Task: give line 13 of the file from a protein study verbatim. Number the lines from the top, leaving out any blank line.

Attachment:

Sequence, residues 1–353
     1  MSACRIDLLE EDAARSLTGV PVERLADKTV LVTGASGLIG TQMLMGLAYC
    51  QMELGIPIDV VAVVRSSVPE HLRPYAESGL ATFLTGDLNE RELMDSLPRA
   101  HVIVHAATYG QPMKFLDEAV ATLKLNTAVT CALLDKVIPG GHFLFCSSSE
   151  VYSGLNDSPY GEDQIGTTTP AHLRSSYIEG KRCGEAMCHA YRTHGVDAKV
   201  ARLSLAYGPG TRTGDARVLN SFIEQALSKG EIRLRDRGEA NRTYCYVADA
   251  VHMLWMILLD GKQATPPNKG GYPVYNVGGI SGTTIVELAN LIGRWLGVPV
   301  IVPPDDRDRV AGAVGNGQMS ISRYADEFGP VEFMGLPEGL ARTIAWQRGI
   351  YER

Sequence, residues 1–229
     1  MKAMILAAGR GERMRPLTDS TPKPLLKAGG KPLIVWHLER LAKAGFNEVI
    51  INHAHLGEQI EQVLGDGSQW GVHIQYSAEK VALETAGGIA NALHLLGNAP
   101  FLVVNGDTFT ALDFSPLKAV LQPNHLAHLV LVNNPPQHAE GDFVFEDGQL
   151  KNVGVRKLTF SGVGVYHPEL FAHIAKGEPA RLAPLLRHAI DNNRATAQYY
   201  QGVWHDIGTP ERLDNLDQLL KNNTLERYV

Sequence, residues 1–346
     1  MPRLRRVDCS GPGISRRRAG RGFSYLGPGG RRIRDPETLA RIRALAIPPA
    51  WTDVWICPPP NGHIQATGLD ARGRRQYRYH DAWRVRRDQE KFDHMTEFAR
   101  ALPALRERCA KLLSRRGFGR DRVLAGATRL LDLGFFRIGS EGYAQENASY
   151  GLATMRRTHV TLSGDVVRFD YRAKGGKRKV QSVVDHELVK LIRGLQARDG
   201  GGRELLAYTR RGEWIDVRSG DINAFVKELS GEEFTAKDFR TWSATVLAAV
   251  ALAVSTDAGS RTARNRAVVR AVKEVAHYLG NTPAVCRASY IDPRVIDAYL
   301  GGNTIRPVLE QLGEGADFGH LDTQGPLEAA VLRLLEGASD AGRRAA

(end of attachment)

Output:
   101  FLVVNGDTFT ALDFSPLKAV LQPNHLAHLV LVNNPPQHAE GDFVFEDGQL